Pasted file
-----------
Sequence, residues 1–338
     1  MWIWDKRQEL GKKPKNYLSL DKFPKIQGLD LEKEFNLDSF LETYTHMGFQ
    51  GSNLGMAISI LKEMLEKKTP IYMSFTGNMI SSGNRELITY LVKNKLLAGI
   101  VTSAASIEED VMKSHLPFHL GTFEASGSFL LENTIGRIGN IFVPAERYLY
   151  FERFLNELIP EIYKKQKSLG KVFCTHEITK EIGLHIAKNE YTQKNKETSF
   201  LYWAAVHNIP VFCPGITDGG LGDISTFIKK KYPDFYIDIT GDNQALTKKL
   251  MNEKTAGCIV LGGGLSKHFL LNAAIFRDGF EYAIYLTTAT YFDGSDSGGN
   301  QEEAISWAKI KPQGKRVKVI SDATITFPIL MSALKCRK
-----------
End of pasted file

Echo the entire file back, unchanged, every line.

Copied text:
Sequence, residues 1–338
     1  MWIWDKRQEL GKKPKNYLSL DKFPKIQGLD LEKEFNLDSF LETYTHMGFQ
    51  GSNLGMAISI LKEMLEKKTP IYMSFTGNMI SSGNRELITY LVKNKLLAGI
   101  VTSAASIEED VMKSHLPFHL GTFEASGSFL LENTIGRIGN IFVPAERYLY
   151  FERFLNELIP EIYKKQKSLG KVFCTHEITK EIGLHIAKNE YTQKNKETSF
   201  LYWAAVHNIP VFCPGITDGG LGDISTFIKK KYPDFYIDIT GDNQALTKKL
   251  MNEKTAGCIV LGGGLSKHFL LNAAIFRDGF EYAIYLTTAT YFDGSDSGGN
   301  QEEAISWAKI KPQGKRVKVI SDATITFPIL MSALKCRK